Like many of its counterparts around the world, the College of Engineering is seeking to better understand how energy can be best utilized and incorporated into daily lives. Yet, the impact of energy — clean, safe, and renewable energy — is such that no single institution can focus on all of the potential aspects of energy. For this reason, the college and its researchers have selected five areas — energy efficiency; safe nuclear waste storage; clean coal technologies; carbon dioxide separation, storage, and usage; and renewable resources — in which they have considerable expertise and through which they will continue to focus their efforts. The college also offers several courses highlighting energy technologies, as well as the social, political, and moral aspects associated with energy usage.
Wind turbine blades (rotors) work in the same way as do airplane wings. The wind flowing over the blade produces lift. This makes a windmill turn, but wind turbulence can affect the performance of a turbine. If the wind is blowing smoothly, there are no problems. If the wind becomes unsteady, this not only affects the efficiency of a turbine (how much energy it is able to generate) but can also physically damage the turbine blades because of aerodynamic loads caused by the turbulence.
Researchers in the Institute for Flow Physics and Control — Clark Equipment Professor Thomas C. Corke, director of the center, and Professor Robert C. Nelson — are investigating distributed active flow control as a way to improve wind turbine performance. By placing plasma actuators, developed at Notre Dame, on a turbine blade, researchers can change the flow, and thus the aerodynamic load, of air around the blade in real time. This promotes continuous operation of a turbine at near optimal conditions in both steady and unsteady wind conditions, making the turbine more effective and more cost efficient. Other benefits of the actuators include that they are fully electronic with no moving parts, can withstand high-force loading, and can be laminated onto the blade surface.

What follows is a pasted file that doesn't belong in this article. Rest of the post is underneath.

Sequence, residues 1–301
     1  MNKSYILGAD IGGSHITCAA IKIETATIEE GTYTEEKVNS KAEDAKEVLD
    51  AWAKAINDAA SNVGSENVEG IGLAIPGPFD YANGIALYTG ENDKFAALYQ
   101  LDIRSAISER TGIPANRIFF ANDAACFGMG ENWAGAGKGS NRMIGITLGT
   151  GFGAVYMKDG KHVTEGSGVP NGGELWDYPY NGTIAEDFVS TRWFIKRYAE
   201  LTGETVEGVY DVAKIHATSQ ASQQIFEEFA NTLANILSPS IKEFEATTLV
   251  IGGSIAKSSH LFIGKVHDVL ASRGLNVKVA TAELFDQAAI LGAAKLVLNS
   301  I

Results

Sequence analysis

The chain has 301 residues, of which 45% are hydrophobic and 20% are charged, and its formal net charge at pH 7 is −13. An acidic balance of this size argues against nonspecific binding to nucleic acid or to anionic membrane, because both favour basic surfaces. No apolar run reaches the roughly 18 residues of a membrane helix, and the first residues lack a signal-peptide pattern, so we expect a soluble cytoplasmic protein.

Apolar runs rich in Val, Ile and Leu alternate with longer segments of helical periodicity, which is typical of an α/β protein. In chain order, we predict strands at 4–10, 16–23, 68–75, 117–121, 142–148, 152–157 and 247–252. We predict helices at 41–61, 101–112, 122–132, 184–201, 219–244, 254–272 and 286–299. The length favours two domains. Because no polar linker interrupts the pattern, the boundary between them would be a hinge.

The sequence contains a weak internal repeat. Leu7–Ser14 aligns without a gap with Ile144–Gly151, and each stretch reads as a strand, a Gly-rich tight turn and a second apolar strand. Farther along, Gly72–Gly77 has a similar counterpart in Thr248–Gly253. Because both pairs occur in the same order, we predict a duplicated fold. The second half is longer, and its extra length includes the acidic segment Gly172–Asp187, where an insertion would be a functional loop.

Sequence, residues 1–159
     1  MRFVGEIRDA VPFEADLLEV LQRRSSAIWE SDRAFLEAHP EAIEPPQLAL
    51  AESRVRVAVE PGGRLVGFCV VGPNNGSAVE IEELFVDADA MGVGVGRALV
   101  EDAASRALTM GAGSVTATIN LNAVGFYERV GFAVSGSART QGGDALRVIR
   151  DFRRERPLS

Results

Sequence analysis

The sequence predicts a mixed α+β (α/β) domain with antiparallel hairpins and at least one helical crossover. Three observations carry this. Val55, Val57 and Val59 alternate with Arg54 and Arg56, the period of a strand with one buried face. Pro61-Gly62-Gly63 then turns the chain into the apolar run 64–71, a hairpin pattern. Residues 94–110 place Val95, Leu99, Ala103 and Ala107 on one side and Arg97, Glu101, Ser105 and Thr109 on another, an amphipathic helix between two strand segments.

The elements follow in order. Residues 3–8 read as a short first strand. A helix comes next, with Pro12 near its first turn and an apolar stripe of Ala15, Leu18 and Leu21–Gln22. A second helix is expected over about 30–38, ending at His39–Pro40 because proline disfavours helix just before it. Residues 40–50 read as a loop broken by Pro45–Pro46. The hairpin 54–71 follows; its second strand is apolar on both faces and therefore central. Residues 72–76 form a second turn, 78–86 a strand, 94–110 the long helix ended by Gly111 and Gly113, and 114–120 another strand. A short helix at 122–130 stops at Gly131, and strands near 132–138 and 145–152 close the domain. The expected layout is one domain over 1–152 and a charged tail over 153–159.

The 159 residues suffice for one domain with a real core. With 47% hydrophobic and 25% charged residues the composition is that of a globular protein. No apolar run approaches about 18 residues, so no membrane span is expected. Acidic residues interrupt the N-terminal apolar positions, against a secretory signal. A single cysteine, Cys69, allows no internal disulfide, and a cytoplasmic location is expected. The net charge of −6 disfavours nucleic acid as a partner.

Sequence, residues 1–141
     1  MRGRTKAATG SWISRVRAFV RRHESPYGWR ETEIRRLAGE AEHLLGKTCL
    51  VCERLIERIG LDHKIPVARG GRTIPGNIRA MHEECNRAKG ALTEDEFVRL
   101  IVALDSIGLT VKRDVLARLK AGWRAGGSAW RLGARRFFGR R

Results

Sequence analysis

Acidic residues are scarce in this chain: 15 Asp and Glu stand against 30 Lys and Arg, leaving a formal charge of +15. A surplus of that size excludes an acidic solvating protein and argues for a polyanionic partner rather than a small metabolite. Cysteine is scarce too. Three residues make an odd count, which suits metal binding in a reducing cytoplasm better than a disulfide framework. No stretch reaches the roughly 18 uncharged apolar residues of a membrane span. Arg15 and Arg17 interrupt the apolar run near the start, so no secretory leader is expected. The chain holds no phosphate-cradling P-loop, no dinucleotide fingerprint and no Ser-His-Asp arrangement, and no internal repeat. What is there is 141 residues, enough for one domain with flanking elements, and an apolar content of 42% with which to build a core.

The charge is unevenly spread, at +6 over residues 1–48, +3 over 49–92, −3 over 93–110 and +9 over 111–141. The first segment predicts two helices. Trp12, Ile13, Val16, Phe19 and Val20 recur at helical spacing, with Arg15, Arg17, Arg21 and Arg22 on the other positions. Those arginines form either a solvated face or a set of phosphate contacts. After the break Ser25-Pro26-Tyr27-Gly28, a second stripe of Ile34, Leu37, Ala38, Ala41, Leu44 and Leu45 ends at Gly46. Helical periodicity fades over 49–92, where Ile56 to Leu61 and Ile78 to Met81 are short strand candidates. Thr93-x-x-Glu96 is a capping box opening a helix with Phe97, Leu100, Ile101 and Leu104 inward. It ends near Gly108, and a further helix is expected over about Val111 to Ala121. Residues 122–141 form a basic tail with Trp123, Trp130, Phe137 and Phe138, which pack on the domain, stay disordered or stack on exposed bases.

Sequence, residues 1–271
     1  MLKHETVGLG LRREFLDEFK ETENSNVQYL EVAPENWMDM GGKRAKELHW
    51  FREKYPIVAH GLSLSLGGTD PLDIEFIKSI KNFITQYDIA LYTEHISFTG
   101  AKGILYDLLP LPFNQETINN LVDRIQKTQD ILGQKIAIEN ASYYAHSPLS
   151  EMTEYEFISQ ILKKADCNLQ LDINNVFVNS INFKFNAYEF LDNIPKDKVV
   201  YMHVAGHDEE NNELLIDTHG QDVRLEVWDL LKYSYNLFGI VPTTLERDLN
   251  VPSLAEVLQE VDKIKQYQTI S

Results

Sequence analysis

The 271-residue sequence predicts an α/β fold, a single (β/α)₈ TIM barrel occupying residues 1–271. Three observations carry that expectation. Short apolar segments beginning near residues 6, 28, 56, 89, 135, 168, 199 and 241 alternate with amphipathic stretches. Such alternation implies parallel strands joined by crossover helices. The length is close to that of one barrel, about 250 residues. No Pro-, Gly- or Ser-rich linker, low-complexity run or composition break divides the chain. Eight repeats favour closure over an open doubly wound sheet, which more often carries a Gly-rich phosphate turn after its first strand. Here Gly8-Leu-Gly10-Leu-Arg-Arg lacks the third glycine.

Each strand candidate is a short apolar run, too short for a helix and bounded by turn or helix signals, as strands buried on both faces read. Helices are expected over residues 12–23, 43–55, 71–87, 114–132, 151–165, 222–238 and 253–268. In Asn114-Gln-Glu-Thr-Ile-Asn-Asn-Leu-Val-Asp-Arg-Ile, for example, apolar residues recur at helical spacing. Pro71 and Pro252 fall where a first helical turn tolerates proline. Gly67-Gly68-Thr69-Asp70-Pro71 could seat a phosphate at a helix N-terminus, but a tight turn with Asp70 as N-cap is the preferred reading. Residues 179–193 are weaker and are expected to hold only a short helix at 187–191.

Fossil fuels are in limited supply, and their use negatively impacts the environment. Both are excellent reasons to be looking for alternative energy sources. If you follow the old adage of “Waste not, want not,” then researchers in the Department of Civil Engineering and Geological Sciences may be on the right track. Senior Sarah Keithley is working with Assistant Professor Robert Nerenberg to develop less-polluting and more sustainable energy technologies.
Keithley is currently studying microbial fuel cells (MFCs) that can harness the energy in organic wastes, such as municipal or industrial wastewaters. MFCs work like chemical fuel cells, but they use microorganisms to enable reactions and transfer electrons to an electrode. Because they generate electricity from essentially any biodegradable organic matter, MFCs can directly produce electrical energy while treating municipal or industrial wastewater.
Nerenberg’s team is working to develop new and more efficient MFC configurations. They are also studying the basic mechanisms of MFC operation, including microbial community structure of the MFCs and their mode of electron transfer from the bacteria to an electrode.
Assistant Professor Michael Niemier and a team from the departments of computer science and engineering and electrical engineering have been pursuing the design of circuit elements constructed with nanoscale magnets and using the QCA device architecture instead of electrical current. In magnetic QCA (MQCA), logical operations and data flow are accomplished by manipulating the polarizations of nanoscale magnets. Niemier and his team have designed MQCA structures that should facilitate more complex, circuit-level tasks and demonstrated how these structures interact with the on-chip drive circuitry. And, they are proceeding to the next step … fabrication.
Another advantage to nanomagnetic technology is that the magnets are inherently resistant to radiation. Thus, any type of MQCA system placed in space would be immune to the effects of radiation, which eventually destroy traditional CMOS chips. Still in the fundamental stages of research, Notre Dame is on the road to another first: developing an all-magnetic system that would provide more complex computations that uses less energy.